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Frequently Asked Questions


Q: How is my child identified for Compensatory Reading?
A: See Identification for Reading Services
   
Q: Will my child be missing direct instruction in the classroom?
A:
 
In most cases students are not missing direct instruction. The classroom teacher is having students complete work, reading aloud or working with other reading groups.
   
Q: Does this mean my child is receiving Special Education Services?
A:

A child receiving Compensatory Reading Services is not identified for Special Education Services. They receive no special modifications.

   
Q: Won't attending Compensatory Reading upset my child?
A:
 
For the most part, children enjoy the program. Reading teacher currently spend time in the classrooms working with groups of students and sometimes the entire class. Typically, a student is unaware he/she is receiving support from a reading teacher.
 
 
Q: What activities are done in the Reading Room?
A:

 
Comprehension activities: story maps, retellings, discussions, comprehension questions, summarizing, cloze activities,sequencing, comparison of stories, discussion of genre, predictions, discussion of background knowledge, vocabulary and listening activities.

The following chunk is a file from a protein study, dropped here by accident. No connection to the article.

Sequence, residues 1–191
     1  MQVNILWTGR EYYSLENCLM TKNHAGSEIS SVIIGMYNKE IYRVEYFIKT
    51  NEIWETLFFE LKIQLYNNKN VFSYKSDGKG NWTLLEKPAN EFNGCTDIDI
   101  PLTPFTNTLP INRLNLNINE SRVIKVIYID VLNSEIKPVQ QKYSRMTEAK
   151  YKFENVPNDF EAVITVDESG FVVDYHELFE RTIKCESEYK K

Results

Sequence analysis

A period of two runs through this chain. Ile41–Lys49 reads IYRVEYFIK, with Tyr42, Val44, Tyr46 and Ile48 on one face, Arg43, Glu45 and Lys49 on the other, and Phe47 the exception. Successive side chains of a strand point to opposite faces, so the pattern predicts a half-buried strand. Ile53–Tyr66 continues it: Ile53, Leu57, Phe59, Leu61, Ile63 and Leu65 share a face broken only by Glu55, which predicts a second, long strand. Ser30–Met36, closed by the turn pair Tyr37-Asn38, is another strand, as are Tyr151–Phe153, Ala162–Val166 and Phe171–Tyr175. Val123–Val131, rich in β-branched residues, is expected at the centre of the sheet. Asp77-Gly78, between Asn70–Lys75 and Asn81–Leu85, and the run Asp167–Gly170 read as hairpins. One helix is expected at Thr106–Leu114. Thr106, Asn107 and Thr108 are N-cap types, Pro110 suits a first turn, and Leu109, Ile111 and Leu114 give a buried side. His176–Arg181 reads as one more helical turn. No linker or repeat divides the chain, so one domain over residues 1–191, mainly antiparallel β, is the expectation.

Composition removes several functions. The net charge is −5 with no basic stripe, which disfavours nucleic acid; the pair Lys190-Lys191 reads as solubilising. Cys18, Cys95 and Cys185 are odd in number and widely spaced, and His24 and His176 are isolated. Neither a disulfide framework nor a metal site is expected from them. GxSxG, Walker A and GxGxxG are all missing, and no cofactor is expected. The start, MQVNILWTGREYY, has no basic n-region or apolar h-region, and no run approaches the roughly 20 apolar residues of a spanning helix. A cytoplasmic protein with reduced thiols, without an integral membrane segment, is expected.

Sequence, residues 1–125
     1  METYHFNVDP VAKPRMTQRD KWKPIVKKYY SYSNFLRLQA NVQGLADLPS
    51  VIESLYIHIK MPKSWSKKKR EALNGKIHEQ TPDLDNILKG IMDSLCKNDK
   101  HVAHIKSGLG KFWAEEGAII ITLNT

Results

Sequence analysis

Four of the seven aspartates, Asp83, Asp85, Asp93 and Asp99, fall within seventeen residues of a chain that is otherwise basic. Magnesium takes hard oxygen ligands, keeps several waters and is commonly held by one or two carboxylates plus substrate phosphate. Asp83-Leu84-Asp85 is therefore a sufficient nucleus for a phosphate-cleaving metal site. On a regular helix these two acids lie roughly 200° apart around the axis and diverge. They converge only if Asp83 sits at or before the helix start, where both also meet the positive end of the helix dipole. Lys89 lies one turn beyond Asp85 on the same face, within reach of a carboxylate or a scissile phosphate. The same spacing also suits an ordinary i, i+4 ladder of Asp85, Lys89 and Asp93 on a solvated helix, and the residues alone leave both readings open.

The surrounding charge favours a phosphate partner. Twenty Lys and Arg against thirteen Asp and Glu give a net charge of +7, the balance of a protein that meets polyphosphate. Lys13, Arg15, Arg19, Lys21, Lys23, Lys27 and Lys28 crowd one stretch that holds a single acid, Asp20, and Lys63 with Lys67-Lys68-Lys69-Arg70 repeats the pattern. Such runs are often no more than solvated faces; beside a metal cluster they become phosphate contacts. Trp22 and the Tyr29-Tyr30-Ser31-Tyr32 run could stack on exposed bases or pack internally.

Decoding and grammar skill activities: spelling strategies, development of sight word vocabulary, word attack strategies and syllabication rules.
   
  Writing activities: retellings, journal writing, predictions, comprehension questions, listening activities, original stories and poems and literature responses.
   
  Enrichment activities: poetry, word games, Family Reading Club and book writing.
 
 
Q: How can I pick books that are appropriate for my child?
A: 


 
There are several ways to pick an appropriate book. Often books have a reading level on the back, bottom, right-hand corner. For example, 5.3 means the third month of fifth grade. Sometimes books list age levels. A rating of 008-0012 means the book is appropriate for children between the ages of eight and twelve.
   
  We also have children use the five finger test. Your child can read a passage of about 100 words. One finger is held up for each unknown word. If they put up one finger, the book is too easy. If they put up two or three fingers, the book is just right. And, if they put up four or five fingers, the book is too hard.
   
Q: What can I do to help my child at home?
A:


 
Have your child read at least fifteen minutes a day. Read with your child and to your child. Have your child read to you. Talk to your child about what has been read. Taking your child to the library and giving your child books and magazines as gifts supports the reading habit well. For more ideas, read the section Tips for Parents.
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Homer Central School District
Ms. Nancy Ruscio, Superintendent

80 South West Road
Homer, NY 13077
607-749-7241

© 2017 Homer Central School

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